John AnfinsonJohn O. Anfinson is Superintendent of the Mississippi National River and Recreation Area, a 72-mile long unit of the National Park System on the Mississippi River in the Twin Cities, Minnesota. John has been researching, writing and speaking about the upper Mississippi River for over 25 years. He is the author of The River We Have Wrought: A History of the Upper Mississippi (2003), River of History (2003) and many articles about the Mississippi River. In 2005 John was one of ten U.S. delegates to the joint U.S./Dutch symposium on water resources at The Hague, Netherlands sponsored by the Institute for Water Resources and the Rijkswaterstaat. More recently John helped initiate the Asian Carp Task Force for Minnesota and serves as co-chair of the effort.

From 1980 to 2000, John worked for the St. Paul District, Corps of Engineers, as a cultural resources specialist and District Historian. He moved to the National Park Service in June of 2000. John is a founding board member of Friends of the Mississippi River, an organization that focuses on the environmental health of the Mississippi in the Twin Cities metropolitan area. He is also on the Minnesota Marine Art Museum board. John holds a PhD in American History from the University of Minnesota.

Anfinson was interviewed for the Bat of Minerva in 2011. He also spoke in the 2008 conference “The City, The River, The Bridge”. This talk occurred on September 9, 2014, at 7:00pm in Best Buy Theater, Northrop.

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Class with Osnel Delgado, 2014 McKnight International Dance Fellow; Talk by Fernando Saez. August 23, 2014 Sat, 23 Aug 2014 14:30:44 +0000 Free Intermediate/Advanced Community Class led by Osnel Delgado
osnel delgado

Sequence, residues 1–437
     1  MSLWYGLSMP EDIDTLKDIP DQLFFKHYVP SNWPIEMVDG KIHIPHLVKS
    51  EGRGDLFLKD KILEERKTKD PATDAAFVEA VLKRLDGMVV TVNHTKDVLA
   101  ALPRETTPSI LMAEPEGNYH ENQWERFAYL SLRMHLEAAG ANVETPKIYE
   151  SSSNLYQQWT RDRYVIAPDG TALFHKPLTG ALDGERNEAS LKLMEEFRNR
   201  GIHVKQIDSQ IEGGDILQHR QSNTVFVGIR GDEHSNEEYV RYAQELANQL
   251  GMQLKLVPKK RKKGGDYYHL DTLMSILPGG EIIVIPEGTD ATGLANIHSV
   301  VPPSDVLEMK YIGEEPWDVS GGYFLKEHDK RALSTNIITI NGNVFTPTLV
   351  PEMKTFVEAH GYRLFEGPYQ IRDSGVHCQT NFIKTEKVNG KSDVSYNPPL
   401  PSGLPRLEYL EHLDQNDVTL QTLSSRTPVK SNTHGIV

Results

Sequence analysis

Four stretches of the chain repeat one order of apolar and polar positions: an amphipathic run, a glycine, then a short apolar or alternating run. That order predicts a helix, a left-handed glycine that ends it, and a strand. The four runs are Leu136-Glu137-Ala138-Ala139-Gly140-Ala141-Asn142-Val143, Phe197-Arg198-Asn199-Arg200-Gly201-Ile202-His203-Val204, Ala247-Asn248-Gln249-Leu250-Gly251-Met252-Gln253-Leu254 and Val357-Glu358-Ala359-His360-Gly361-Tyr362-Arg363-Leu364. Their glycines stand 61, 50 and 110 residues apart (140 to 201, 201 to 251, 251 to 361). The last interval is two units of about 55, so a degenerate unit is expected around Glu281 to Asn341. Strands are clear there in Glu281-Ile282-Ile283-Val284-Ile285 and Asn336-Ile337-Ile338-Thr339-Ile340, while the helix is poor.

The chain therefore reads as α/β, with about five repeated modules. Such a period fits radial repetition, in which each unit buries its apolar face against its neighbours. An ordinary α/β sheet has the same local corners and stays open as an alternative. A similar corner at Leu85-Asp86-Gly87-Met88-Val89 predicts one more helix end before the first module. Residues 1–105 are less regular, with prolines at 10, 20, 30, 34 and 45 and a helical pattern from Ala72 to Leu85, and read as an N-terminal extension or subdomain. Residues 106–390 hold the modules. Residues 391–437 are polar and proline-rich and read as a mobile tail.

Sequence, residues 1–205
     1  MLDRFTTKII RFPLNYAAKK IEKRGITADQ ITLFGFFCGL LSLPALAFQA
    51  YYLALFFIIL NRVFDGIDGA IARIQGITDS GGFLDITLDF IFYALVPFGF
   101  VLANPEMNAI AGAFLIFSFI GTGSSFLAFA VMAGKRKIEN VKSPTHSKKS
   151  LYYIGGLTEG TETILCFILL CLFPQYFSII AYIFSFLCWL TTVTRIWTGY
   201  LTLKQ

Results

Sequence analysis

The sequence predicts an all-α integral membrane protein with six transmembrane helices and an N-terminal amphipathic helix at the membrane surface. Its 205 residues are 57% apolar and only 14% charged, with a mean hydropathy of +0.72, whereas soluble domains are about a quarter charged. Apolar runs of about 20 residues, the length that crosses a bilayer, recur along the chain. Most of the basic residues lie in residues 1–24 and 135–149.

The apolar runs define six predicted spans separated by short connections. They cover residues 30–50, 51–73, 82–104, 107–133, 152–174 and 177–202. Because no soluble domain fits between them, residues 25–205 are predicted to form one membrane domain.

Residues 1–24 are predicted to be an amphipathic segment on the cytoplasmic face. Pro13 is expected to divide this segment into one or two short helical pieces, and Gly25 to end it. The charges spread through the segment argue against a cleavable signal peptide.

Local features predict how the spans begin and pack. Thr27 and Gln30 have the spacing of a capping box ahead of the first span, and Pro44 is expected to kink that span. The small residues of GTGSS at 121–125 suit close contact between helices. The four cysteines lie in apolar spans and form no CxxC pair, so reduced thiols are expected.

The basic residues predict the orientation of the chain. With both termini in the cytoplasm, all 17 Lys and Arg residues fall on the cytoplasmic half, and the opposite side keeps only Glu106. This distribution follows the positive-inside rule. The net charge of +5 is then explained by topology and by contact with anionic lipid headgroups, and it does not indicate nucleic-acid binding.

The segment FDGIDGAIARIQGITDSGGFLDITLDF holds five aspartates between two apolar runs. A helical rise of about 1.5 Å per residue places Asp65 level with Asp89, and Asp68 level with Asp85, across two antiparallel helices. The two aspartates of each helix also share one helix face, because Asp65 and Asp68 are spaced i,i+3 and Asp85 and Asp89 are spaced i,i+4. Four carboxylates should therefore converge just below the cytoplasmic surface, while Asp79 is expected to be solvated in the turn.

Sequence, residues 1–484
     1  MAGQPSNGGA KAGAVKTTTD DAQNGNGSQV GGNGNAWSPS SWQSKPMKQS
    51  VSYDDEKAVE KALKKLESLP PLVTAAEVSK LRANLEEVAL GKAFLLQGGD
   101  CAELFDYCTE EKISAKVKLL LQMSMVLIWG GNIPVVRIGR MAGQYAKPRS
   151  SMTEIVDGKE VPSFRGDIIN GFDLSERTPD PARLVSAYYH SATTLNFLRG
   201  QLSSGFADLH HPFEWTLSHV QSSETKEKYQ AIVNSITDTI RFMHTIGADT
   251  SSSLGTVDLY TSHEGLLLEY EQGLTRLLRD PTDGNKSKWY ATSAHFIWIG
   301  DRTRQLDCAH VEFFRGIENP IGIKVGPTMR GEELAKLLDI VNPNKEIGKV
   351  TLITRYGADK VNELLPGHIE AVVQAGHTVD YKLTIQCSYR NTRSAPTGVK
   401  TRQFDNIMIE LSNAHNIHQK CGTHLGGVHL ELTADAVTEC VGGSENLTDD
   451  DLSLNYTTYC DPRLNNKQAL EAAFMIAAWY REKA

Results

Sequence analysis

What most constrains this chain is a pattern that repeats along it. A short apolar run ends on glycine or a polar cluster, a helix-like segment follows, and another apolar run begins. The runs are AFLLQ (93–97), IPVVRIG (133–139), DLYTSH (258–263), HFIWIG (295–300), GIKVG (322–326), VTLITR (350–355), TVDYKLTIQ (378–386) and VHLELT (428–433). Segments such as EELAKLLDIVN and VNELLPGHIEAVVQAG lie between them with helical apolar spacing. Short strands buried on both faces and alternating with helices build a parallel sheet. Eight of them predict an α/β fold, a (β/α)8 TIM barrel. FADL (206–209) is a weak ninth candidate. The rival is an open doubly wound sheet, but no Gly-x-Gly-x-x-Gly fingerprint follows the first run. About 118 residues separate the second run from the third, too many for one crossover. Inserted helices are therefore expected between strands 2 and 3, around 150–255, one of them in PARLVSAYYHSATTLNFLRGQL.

Saturday, August 23, 9:30 – 11:00 am
Northrop — Rehearsal Room

Osnel Delgado has received major Cuban awards including the Premio a Mejor Coreografia del Concurso Solamente Solos (Award for Best Solo Choreography), and a Special Mention award at the VII Iberomerican “Alicia Alonso” Choreography competition in Madrid. He was a member of Danza Contemporanea de Cuba from 2003 to 2011 and founded MalPaso Dance Company in 2013, where he currently serves as choreographer and artistic director. Delgado’s work expresses the passion and uncertainties that define Cuban life and are embodied in the country’s rich dance tradition. Copresented with Northrop Presents.

Baseball and Dance in Cuba

Saturday, August 23, 11:30 – 1:00 pm
Best Buy Theater, Northrop

A talk by Fernando Saez

Fernando Saez is cofounder of MalPaso Dance Company and director of the Performing Arts Program of Fundación Ludwig de Cuba. While not a professional dancer himself, Saez has been involved in developing and promoting Cuban artistic expression, primarily through dance, for decades. He cofounded MalPaso with Osnel Delgado in 2013, as a way to foster Cuban choreography and to encourage connection with modern and contemporary American dance, since, as he puts it, “[the] genesis of Cuban modern dance and ballet lies in a very profound relationship with American dance.”  He continues to work with numerous companies and organizations with the larger goal of establishing Cuba as a global artistic force.  Copresented with Northrop Presents.
An in-depth article from the Cuban Art News about MalPaso Dance Company (with video)